New York State has 20 million people, approximately 175,000 of whom are active and practicing lawyers, and of which it is fair to presume another 100,000 or so are registered Democrats. Over the last 24 hours, seemingly all of them have floated their names as potential replacements for attorney general Eric Schneiderman, who resigned on Tuesday after The New Yorker reported that he had battered four women he had intimate relationships with and used the power of his office to keep them from coming forward.
But for now, those lawyers, like so many New Yorkers, are likely to find their hopes and dreams thwarted by the New York State Legislature, which will have the first crack at naming Schneiderman’s replacement. Even before Schneiderman resigned — just three hours after the story broke — elected officials with their eye on his job were burning up phone lines to their fundraisers and advisers attempting to game out the contours of a race.
The simplest course of events would be for Democrats in the State Assembly, who thanks to their overwhelming numerical advantage over both chambers are running this rodeo, to appoint someone to the seat. That person would then be endorsed by the Working Families Party Convention in two weeks, the State Democratic Convention in three, and would then go into the September primary with a unified party behind her, crush a few minor opponents, and lead Democrats to a victory up and down the ballot in November.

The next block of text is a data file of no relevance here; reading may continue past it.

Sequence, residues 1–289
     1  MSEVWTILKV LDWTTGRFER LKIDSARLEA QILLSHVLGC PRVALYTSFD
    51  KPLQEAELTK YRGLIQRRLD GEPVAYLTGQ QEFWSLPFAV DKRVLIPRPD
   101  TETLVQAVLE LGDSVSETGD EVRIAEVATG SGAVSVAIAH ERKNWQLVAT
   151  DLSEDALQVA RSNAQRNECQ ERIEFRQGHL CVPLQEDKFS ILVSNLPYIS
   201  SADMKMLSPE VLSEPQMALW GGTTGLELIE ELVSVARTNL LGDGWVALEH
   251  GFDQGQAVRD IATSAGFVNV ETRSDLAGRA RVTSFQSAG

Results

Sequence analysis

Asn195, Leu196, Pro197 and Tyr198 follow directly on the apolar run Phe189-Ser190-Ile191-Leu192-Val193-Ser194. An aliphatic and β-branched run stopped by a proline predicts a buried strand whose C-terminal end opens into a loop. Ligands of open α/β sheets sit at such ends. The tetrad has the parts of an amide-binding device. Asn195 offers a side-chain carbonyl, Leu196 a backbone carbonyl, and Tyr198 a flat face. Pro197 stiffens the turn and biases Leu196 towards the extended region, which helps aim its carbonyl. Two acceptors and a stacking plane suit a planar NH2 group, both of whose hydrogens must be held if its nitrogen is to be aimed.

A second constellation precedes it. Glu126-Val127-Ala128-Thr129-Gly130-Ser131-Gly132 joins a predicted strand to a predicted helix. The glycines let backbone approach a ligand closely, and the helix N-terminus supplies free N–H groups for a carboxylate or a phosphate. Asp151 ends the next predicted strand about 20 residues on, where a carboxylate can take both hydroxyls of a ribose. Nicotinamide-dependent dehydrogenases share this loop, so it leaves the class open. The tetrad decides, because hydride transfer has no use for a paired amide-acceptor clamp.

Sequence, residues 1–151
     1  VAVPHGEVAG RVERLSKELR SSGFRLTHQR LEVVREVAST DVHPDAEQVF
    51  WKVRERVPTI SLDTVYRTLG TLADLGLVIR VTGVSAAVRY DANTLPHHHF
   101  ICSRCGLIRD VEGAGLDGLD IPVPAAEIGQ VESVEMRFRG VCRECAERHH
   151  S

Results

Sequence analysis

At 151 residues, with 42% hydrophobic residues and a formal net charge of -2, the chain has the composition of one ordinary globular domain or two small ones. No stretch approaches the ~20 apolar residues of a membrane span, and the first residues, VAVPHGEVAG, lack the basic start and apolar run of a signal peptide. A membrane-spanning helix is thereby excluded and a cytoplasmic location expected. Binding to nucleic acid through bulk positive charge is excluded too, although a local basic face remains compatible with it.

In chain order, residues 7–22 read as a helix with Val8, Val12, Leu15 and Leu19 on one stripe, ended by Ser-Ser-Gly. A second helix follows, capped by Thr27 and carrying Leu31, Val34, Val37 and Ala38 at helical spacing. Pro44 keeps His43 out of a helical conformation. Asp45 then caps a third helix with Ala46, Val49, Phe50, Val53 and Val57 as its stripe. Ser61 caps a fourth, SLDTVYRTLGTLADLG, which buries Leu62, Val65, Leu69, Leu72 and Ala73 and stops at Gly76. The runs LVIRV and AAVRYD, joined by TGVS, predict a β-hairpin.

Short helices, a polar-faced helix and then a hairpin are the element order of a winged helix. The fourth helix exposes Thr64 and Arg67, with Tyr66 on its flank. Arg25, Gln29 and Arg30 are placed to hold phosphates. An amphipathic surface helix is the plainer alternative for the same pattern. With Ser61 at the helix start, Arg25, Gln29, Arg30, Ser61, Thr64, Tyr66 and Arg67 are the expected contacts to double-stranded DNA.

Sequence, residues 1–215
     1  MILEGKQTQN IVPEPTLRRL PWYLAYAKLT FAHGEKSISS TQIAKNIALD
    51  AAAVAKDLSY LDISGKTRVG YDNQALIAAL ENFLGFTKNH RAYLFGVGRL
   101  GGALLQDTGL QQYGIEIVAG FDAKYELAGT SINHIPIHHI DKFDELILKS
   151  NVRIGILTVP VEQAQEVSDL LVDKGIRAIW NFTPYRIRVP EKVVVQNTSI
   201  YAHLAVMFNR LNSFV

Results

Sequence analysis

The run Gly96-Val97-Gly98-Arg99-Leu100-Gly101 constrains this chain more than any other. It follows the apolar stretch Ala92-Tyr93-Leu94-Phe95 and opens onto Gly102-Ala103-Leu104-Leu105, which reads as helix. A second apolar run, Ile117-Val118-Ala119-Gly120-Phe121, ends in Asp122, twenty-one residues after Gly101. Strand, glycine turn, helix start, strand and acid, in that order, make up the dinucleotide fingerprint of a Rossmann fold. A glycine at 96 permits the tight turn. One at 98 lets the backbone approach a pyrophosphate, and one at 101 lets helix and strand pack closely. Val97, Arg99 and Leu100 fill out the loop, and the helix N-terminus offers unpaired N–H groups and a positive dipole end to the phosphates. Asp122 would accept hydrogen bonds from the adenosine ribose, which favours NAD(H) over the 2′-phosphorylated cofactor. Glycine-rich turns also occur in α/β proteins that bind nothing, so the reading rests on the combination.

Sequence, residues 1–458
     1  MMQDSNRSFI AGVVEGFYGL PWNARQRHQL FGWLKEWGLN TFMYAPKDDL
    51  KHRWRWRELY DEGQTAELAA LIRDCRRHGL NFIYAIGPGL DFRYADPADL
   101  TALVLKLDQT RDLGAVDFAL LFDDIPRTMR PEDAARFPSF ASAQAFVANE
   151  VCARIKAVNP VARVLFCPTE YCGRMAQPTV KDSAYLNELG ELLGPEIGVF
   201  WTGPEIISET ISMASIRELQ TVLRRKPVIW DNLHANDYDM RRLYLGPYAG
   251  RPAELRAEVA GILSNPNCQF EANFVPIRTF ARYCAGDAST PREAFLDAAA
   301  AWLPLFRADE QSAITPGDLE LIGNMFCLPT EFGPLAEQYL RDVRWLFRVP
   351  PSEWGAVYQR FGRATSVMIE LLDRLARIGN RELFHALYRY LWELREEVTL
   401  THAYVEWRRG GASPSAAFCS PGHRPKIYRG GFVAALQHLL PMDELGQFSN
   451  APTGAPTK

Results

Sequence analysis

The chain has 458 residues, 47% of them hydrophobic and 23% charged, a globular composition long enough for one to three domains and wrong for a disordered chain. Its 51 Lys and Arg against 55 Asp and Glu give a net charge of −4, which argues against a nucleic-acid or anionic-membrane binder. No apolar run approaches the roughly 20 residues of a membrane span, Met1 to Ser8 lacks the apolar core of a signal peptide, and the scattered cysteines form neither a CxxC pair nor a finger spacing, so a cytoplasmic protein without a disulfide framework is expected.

The only problem with this scenario is that (a) this person doesn’t exist, and (b) we are talking about the Democratic Party in New York. And so a far, the more likely outcome is something resembling a demolition derby.
If it were up to Andrew Cuomo, the Assembly would name his lieutenant governor Kathy Hochul to the job. A former Buffalo-area congresswoman, Hochul fails to set aflame the hearts of the party’s liberal base at a moment when Cuomo is facing a surprisingly fierce challenge from actor Cynthia Nixon, and easing her into the attorney-general spot would give Cuomo a chance to name someone more downstate and less vanilla to be his running mate.
But the state budget is done, depriving Andrew Cuomo of a necessary bargaining chip, and his relationship with the legislature has decreased to the point where they don’t have much reason to do his bidding anyway. Carl Heastie, the Assembly Speaker, publicly stated that his single criteria was that the ultimate choice be “a diverse individual.” Heastie went into a meeting with Assembly Democrats without a candidate in mind though, and then came out of the meeting still without a candidate in mind, a signal that there is no consensus among members of the Assembly.